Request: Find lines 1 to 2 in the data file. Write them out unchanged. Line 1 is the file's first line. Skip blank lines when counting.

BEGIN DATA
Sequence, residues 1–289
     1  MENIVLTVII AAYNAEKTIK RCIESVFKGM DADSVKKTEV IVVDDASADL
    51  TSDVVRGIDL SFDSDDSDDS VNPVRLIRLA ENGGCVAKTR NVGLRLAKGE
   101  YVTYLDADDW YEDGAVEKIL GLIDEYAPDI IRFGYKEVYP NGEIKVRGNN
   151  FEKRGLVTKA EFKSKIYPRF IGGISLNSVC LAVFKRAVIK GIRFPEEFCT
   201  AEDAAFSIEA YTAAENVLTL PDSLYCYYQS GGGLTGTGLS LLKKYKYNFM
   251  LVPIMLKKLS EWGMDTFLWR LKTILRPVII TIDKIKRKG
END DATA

Sequence, residues 1–289
     1  MENIVLTVII AAYNAEKTIK RCIESVFKGM DADSVKKTEV IVVDDASADL